The code above is just an example of how it should generally look, not a be-all-end-all definitive command. Keep in mind that the first line is always specific to each site – replace #website-navigation with the CSS class or ID of your navigation header before going back to the page editor.
After you’ve checked the functionality within the page/post preview window, just publish, and you’ve got yourself a sticky header. We have to point out that you’ll probably want to expand the CSS code to encompass more than just the “sticky” attribute for a header like this – adding things that will emphasize the header visually is recommended, such as color fonts, size, indentation, etc. Because it’s a permanent fixture on a page, it can easily be overlooked, so you should try and make it stand out.
Creating a sticky header with a plugin
There’s a huge overlap between those that need a website for their business or blog and those that simply don’t have the knowledge to build something that looks and feels professional. Luckily with WordPress, there are so many plugins that make life easier for everyone; there’s virtually no need to possess anything more than basic software knowledge to accomplish your goals. WP Sticky is a great example of a plugin that replaces all of the coding we’ve covered above with a user-friendly interface anybody can get a hold of quickly. At the same time, it offers the same amount of functionality that you would have while creating a sticky header manually. Let’s break it down.
Creating an element
Just like you need to have a header to start with when you’re using CSS, you need to create an element to which you then add the sticky attribute.
There are two distinct ways to single out the element – you can input the designation in the required field, or you can pick the element through a preview window by clicking on it (this works wonders if you’re having trouble figuring out the designations). When choosing your element in the preview window, you’ll see the changing designations on top of your screen.
We’ve found that after working with the plugin for some time, you’ll get so comfortable with it you’ll hardly ever use the visual picker. The designations will become familiar, which leads to simply and manually inputting them, saving you time. Until you are familiar with that extent, the visual picker will be your best friend. Ultimately, either method will get you to the same place – a sticky header on the frontend.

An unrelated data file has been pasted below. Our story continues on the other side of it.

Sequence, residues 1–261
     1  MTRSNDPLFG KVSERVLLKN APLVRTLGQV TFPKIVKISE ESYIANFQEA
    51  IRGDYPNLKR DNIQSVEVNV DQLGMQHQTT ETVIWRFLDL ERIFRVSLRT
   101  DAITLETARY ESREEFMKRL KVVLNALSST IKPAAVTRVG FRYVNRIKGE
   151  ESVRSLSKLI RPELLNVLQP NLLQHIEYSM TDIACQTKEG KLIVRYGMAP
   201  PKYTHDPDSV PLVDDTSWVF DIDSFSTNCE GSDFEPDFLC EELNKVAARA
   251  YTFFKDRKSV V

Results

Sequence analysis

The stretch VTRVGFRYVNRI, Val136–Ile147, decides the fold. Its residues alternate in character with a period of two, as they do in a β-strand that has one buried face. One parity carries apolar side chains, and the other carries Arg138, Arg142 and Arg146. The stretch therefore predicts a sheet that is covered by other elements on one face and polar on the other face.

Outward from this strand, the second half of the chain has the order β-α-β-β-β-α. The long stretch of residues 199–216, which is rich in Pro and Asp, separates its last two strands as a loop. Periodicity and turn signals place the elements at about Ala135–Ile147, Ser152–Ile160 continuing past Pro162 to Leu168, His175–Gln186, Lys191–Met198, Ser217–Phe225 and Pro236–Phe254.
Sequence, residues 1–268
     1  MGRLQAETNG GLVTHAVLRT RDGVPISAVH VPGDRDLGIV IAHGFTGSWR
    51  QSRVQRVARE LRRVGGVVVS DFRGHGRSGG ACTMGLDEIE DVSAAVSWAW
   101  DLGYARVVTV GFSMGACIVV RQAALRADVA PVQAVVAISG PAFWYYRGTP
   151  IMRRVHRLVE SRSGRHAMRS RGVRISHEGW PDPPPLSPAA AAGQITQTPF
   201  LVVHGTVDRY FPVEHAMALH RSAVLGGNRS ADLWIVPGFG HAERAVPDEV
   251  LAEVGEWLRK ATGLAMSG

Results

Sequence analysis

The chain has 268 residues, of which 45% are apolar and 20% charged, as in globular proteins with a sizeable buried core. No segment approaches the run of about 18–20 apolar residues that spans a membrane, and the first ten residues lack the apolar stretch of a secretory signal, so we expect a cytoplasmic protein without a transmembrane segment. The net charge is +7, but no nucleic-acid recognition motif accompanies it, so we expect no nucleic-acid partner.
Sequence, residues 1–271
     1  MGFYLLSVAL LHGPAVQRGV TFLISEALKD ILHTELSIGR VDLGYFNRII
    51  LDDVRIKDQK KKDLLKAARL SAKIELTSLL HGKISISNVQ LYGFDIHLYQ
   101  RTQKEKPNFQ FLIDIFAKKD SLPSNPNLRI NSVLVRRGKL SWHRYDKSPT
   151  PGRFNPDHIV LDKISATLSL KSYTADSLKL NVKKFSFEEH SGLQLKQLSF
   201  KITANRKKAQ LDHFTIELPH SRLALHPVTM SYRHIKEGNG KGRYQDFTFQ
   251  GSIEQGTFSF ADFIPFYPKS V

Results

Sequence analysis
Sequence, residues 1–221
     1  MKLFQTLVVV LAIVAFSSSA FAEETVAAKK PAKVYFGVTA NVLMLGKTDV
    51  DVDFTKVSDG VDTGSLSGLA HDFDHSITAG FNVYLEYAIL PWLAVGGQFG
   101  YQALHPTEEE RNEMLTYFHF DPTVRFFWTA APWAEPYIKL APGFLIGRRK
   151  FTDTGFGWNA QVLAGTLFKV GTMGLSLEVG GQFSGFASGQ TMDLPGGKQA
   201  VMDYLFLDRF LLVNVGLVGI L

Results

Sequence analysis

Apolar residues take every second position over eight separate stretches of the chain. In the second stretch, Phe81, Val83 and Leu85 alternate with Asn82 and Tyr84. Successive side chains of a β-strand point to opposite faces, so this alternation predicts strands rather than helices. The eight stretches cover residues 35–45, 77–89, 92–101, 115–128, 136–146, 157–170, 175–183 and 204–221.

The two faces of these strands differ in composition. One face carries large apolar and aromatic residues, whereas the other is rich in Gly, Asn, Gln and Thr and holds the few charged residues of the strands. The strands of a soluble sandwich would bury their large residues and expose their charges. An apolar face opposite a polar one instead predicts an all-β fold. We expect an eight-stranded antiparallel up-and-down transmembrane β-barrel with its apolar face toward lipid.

Make it look good
Not all sticky elements are created equal, and yours shouldn’t be a run-of-the-mill example either. The visual settings section will provide you with a plethora of customization options you can work with to make your sticky header unique in every way.
The first thing you need to account for is the positioning of your element. Since we’re making a header, this will be an easy decision – we’re sticking it to the top of the page. Positioning is key to a good header, so if you don’t want it to hug the very top of the page, you can move it down a couple of pixels for a better fit. Additionally, if your site uses an admin toolbar for registered users, you can make the plugin automatically check for it and adjust the header accordingly.
We’ve touched a bit on the necessity of a site to be fully responsive since there are so many ways potential visitors have to browse the web. To make your site fully adaptive, you can choose on which screens the header will be sticky.
Usually, smaller screens benefit the most out of sticky headers, whereas bigger ones used on traditional desktops that have more navigation options do just fine without them. The sizes are divided into four groups that cover all the major screen sizes.
The Z-index is an optional setting that could confuse many at first glance. Because of this and the fact it’s an optional feature, many will probably wave it off and ignore it. If everything works, you’ll probably never even look back; however, if there are troubles with the display, the Z-index could potentially be a quick-fix solution. Essentially, think of a page as a collection of stacks where the stacks on top have higher numbers than the ones on the bottom. Therefore, if something is obscuring your sticky header, try to elevate the Z-index (99999 is suggested as a value that works)